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June 15, 2008


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Thank you for your comments. There has to be a checks and balance system when a nurse or nursing student has a criminal history.

There is a different mindset with nursing students and nurses today. I am not saying this is "bad" however it creates issues for the profession that should be assessed and addressed.

I don't think as a profession that we are socializing nurses in the professional practice of nursing. There is a rush to graduate, pass NCLEX, and practice and make money. That's fine, but what about the ethical, moral, legal, and professional practice implications of being a nurse.

I think this is what is missing in the practice of nursing today.

joan e

This is a complex issue, and is definitely more visible today than in the 70's when there were nursing schools literally hand picked who they wanted and met their specifications.

the observation that today's nurses are not unlike the 1980's fast food workers.
The quality of todays nurses is not the same, and this is apparent in their work,interactions with pts, families, doctors, ancillary staff, and nurse colleagues.

I am unsettled when a nurse fails to recognize that there exists a range of bahaviots and methods when caring for patients and they act the same with all. it is not ok to ask me if I have to 'pee" or to call me "honey", or to turn on my TV to divorce court and without ever asking..
caliber sounds

Maybe I sound like a snob, but nurses are held to standards that include a certain level of education and specified behaviors. Another unwritten rule is having high morals, values, respect for humans, and even proper grammar.

I cringe when reading nursing forums at some of grammatical errors in the posts, and basic errors such as not knowing when to use 'know' and "no" and "there" and "their".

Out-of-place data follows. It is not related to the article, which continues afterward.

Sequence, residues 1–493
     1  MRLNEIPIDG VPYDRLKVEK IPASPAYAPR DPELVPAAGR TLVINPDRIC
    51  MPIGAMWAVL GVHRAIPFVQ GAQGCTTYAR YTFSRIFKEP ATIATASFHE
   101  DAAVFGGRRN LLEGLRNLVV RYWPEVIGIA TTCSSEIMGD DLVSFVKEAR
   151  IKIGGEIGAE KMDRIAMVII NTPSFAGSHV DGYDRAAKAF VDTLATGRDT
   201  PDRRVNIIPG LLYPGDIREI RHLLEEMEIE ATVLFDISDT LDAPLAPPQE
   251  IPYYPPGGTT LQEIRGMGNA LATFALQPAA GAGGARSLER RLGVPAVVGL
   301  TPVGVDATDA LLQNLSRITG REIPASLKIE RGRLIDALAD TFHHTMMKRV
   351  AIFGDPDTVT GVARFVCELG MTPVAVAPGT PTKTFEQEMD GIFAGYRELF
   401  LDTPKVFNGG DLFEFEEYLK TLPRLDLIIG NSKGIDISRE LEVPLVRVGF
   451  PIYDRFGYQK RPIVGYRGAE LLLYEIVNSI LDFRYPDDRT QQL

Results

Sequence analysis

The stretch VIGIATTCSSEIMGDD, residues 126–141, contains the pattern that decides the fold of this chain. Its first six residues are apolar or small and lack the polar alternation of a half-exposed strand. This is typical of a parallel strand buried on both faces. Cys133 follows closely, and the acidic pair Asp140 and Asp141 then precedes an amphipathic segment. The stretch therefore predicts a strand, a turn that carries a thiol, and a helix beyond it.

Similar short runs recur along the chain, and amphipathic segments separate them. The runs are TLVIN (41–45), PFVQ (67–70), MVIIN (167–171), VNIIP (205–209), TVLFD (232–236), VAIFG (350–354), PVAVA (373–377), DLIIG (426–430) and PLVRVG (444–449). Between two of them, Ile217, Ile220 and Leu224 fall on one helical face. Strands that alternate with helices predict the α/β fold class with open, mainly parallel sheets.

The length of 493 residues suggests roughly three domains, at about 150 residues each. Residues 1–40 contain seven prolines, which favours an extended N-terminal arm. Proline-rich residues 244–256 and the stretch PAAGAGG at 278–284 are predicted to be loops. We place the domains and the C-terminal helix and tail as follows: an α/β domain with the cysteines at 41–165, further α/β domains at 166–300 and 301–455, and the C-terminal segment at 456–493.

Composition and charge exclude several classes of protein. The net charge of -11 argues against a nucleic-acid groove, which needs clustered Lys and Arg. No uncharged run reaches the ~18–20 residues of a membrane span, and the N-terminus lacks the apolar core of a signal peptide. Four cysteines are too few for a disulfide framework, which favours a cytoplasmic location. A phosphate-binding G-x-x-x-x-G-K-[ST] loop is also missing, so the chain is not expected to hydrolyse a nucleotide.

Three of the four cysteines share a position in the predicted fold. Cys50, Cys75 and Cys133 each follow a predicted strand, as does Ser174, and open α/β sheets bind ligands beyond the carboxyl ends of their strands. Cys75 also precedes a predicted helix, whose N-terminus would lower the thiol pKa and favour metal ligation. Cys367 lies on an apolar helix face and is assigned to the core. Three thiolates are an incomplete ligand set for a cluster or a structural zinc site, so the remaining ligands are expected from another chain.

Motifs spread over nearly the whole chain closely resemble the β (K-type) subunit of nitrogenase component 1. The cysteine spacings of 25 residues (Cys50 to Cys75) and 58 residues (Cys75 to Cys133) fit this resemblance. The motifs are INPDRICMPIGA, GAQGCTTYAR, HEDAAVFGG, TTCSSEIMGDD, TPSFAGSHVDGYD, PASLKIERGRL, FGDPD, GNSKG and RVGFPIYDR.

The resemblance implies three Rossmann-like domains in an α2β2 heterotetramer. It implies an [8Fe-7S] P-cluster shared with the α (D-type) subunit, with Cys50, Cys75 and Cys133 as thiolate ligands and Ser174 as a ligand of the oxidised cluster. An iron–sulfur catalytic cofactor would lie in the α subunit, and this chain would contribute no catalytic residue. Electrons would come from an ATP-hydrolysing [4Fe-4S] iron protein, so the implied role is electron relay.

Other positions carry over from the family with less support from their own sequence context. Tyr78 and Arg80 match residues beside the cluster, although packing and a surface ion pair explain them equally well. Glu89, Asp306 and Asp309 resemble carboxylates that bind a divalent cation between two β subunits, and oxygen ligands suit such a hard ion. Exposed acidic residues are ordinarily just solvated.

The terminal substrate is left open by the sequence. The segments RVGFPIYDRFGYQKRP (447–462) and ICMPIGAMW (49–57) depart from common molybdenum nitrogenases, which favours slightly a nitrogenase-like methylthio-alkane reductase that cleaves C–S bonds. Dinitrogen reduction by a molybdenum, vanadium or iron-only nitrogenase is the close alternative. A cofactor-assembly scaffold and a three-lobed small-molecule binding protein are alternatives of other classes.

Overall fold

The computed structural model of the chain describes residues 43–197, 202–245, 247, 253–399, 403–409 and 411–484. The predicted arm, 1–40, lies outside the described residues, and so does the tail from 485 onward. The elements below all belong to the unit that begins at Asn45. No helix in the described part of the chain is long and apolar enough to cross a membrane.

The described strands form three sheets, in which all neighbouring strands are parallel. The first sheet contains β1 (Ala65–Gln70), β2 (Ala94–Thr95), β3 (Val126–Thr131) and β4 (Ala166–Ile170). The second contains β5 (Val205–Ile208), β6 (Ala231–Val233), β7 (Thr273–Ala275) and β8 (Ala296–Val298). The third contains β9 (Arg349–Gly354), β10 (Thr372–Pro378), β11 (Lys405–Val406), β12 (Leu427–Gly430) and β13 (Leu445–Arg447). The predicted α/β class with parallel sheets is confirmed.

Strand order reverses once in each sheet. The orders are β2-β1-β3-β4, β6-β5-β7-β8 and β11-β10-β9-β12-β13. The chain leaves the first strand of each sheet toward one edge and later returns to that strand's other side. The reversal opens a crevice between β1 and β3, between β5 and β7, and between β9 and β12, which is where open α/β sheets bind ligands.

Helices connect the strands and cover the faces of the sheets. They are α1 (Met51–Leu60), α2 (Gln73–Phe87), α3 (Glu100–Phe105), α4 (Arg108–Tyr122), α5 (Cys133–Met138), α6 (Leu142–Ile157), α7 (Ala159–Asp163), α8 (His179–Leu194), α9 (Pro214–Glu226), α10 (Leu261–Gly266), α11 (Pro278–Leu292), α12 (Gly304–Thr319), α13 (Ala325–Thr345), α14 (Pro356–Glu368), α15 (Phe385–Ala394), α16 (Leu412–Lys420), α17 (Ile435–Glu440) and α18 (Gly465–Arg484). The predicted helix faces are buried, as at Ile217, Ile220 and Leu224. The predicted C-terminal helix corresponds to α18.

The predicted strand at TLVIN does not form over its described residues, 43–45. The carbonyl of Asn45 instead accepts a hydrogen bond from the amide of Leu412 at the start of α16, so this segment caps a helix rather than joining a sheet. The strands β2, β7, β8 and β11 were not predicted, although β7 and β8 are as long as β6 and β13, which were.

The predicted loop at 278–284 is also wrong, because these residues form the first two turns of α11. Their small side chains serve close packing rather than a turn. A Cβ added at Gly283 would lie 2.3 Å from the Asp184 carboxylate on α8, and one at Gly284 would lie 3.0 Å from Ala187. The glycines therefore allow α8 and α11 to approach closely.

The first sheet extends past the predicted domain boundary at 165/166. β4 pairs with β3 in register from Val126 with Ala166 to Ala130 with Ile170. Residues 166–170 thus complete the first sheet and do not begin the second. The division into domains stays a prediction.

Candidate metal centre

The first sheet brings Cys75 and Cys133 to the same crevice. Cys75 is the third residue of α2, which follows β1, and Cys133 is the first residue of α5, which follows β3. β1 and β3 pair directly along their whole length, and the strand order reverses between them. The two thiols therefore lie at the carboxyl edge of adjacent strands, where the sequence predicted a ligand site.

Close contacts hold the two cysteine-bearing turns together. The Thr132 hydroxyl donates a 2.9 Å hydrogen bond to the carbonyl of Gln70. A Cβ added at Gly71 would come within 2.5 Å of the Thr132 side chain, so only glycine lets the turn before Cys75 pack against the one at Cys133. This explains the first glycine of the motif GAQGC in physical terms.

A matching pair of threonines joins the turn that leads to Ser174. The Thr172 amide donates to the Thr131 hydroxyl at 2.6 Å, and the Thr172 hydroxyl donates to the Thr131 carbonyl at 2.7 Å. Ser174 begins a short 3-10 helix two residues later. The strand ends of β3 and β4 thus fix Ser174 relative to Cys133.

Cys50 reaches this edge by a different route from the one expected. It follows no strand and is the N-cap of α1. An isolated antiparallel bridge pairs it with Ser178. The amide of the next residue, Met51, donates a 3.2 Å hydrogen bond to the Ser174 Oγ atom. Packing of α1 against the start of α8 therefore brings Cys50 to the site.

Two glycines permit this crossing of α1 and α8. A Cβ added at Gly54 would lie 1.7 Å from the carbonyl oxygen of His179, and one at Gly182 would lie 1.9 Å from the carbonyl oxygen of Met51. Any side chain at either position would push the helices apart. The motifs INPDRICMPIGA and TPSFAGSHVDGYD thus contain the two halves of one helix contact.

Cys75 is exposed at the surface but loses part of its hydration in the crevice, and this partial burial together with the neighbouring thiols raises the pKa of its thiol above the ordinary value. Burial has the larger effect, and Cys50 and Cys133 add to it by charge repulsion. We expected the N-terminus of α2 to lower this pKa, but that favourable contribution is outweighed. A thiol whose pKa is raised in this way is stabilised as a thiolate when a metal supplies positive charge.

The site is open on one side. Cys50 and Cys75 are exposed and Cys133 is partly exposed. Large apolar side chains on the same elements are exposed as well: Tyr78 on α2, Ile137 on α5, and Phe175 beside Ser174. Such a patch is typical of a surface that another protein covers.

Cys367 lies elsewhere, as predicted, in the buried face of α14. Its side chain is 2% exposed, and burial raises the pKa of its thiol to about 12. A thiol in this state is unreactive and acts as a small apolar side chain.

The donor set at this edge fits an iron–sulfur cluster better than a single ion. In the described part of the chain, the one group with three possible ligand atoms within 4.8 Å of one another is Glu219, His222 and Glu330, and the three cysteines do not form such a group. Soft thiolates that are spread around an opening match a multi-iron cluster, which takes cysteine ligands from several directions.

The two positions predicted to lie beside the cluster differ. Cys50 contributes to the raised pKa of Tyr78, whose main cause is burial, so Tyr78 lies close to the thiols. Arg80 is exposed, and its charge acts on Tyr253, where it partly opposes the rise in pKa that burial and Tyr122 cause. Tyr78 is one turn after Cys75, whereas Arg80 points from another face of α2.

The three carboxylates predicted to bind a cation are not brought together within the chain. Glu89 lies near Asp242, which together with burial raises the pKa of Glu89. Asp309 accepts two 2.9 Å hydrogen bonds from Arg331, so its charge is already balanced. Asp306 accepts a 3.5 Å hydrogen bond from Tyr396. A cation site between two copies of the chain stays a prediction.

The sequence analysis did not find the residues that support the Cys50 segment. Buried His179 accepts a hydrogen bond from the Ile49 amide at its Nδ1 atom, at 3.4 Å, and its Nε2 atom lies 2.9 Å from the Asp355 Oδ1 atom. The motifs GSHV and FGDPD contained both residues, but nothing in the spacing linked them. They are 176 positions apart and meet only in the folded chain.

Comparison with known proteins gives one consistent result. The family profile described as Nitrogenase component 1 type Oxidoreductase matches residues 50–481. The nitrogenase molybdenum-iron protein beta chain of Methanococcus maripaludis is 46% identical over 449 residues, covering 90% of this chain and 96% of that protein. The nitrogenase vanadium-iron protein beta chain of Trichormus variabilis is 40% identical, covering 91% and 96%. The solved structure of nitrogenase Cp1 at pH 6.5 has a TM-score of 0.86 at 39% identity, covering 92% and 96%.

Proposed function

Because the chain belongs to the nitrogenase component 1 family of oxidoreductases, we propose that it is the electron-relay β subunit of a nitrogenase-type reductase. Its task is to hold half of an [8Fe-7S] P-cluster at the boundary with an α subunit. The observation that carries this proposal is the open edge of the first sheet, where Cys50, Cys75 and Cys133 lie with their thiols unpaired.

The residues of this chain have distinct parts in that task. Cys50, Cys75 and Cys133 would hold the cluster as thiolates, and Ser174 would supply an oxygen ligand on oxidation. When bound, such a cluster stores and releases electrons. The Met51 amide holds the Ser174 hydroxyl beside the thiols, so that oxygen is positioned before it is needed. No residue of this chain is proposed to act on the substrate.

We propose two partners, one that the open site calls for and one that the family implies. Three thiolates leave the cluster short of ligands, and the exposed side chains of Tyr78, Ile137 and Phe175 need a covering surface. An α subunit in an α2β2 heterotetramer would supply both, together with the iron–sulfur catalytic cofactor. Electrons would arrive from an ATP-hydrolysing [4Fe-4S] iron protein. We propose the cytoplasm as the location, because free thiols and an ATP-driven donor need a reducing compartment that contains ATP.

I am always amazed and also baffled when reading about people with criminal histories that are indignant and upset when they discover that their past is creating licensing issues.

it is very unclear why a school of nursing neglects to inform applicants with legal charges that there may be difficulty in being issued a license.

The increase of nurses with criminal pasts is , in part, because of BON's running checks and fingerprinting. I have no doubt that many people in nursing the lied about this when applying, and got away with it. Plus the data banks and NCSBN, the internet, and easier access to info factors in as well.

There is a need to ask about one's past,and I am all for this. I agree that there are some crimes that bar issuing a license to, and that addiction histories may need to require initial monitoring/ restrictions.

As with life in general, there are many situations that cannot be placed in a specific category, and need to be considered on a case by case basis.

Some states do better with this than others, and I think overall the states perform satisfactorily.

The handfull of states that do act in a more punitive way unfortunately are making a bad name for BON's in general.

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